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New Technology Restores Movement After Spinal Cord Paralysis
  • Posted February 7, 2022

New Technology Restores Movement After Spinal Cord Paralysis

A motorcycle crash left Michel Roccati with complete lower-body paralysis from a devastating spinal cord injury.

That was in 2017.

But now, the Italian native is walking again, courtesy of groundbreaking Swiss research that restores motor function within one day by means of carefully targeted electrical stimulation.

"At the beginning, I was unable to move the muscles of the legs, and I feel nothing," Roccati recalled recently.

Now he can stand, walk and do stairs. In fact, "everything I have in mind to train I can do with the stimulation," Roccati said at a press briefing hosted by Nature Medicine, which recently published the findings.

According to the World Health Organization, every year from 250,000 to a half-million people around the world suffer a seriously disabling spinal cord injury, most often the result of a fall, violence or, like Roccati, a traffic accident. Compared to people without this injury, they are two to five times more likely to die prematurely.

Roccati is one of three patients enrolled in the Swiss effort, all men between 29 and 41 years old. Each had experienced a complete spinal cord injury at least a year prior to the study's launch.

"This means that they could not move the legs, and they did not have any sensation over the legs," said study co-author Dr. Jocelyne Bloch, a neurosurgeon and chief of the functional neurosurgery unit at Lausanne University Hospital in Switzerland.

Speaking at the briefing, Bloch noted that in 2020 the three men underwent surgery at NeuroRestore in Lausanne to implant a pacemaker in the abdomen and electrodes directly onto the spinal cord.

Those electrodes are themselves an important innovation, explained study colleague and neuroscientist Grégoire Courtine.

Constructed to be permanent, they are "precisely positioned to target all the regions of the spinal cord that are relevant to activate trunk and leg muscles," said Courtine, who is with the Swiss Federal Institute of Technology in Lausanne.

The electrodes were then paired with new software that facilitated a highly personalized mapping of each patient's spinal cord, Courtine said in the briefing.

The software also provides a simple tablet-based interface that allows patients and physical therapists to easily set up semi-automated stimulation programs that enable a variety of movements.

Patients can operate these programs themselves, via a tablet and small remote controls that can communicate wirelessly to the patient's pacemaker.

For Roccati, all this meant that following a 10-day post-surgery recovery period, rehab began -- and "I was able to walk after one day," he said. The remote controls are attached to his walker.

"Thanks to this technology, all three patients, immediately after surgery, were able to stand up and walk," said Bloch during the briefing. Pedaling, swimming, and torso movement were also enabled. None reported any pain or side effects triggered by the stimulation.

Still, Bloch noted that motor control "was not perfect at the very beginning." And Courtine emphasized that regaining movement post-surgery is a process, "not a miracle." with patients initially needing a lot of physical support. Also, "the recovery of sensation is very different from one patient to the other," he added.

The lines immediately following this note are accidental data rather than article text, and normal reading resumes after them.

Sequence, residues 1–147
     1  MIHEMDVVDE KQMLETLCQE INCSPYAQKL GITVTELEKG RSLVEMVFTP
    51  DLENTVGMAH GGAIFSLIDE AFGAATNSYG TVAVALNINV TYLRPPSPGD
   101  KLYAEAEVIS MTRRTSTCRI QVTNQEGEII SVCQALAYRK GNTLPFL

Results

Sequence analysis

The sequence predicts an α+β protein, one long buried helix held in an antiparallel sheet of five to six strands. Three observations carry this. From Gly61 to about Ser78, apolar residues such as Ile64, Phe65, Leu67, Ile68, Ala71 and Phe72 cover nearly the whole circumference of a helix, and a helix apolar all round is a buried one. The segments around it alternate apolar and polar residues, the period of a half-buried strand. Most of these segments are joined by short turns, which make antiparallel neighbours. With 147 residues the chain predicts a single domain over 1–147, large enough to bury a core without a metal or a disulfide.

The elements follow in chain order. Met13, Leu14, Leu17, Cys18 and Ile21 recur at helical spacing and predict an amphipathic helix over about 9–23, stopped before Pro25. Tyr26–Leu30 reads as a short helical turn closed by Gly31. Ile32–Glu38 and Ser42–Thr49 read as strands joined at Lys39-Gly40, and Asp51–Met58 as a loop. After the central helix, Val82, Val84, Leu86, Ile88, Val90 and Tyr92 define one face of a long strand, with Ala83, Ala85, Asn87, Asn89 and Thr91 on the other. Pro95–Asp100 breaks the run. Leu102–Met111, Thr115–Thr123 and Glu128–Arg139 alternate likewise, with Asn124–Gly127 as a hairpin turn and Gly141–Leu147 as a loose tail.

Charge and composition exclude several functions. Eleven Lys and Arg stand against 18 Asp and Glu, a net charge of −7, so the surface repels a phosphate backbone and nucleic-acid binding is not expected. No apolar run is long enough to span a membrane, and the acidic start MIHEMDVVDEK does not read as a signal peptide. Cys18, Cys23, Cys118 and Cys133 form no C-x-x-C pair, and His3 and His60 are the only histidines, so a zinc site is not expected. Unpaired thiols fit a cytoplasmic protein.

"But what it does, is enable an immediate ability to train," Courtine noted. And because the technology is small and portable, that training can take place out in the real world.

Every day, with the stimulation turned on, "Michel is able to stand for two hours, and he walks almost 1 kilometer (.6 of a mile) straight, without stopping," in addition to climbing up and down stairs, said Courtine. "When the stimulation is turned off, he had some recovery, but to a very limited extent."

Bloch said the technology would almost certainly work equally well among female paralysis patients.

And while future research may expand what's possible, Bloch acknowledged one key limitation: "We need at least 6 centimeters of healthy spinal cord under the lesion. That's where we implant our electrodes."

Claudia Angeli, director of the University of Louisville's Spinal Cord Injury Research Center in Kentucky, agreed the Swiss team's work is "encouraging," but said other approaches also show merit.

"This group is using a very specific stimulation" signaling method, while alternative efforts attempt to enable motor control via direct stimulation of brain signals, she said.

Such alternative approaches "have shown similar results," Angeli noted. "There has not been a direct comparison of the two methods, but both are showing promise for recovery following spinal cord injury."

Meanwhile, the Swiss team has a trial in the works in the United States. The researchers noted that the U.S. Food and Drug Administration has approved a "breakthrough devices" designation to expedite the process whereby the technology could become commercially available. This designation would also ensure coverage through the Medicare Coverage of Innovative Technology program if larger clinical trials are successful, the researchers said.

As for Roccati, after nine months of Lausanne-based rehab, he now lives independently in Italy. "I continued rehab at home, working alone, with all the devices," he said. "And I see improvements every day."

More information

There's more on spinal cord injuries and paralysis at Christopher & Dana Reeve Foundation.

SOURCES: Claudia Angeli, PhD, assistant professor, School of Engineering, University of Louisville, and director, Kentucky Spinal Cord Injury Research Center; press briefing, Feb. 2, 2022, and Nature Medicine, Feb. 2, 2022

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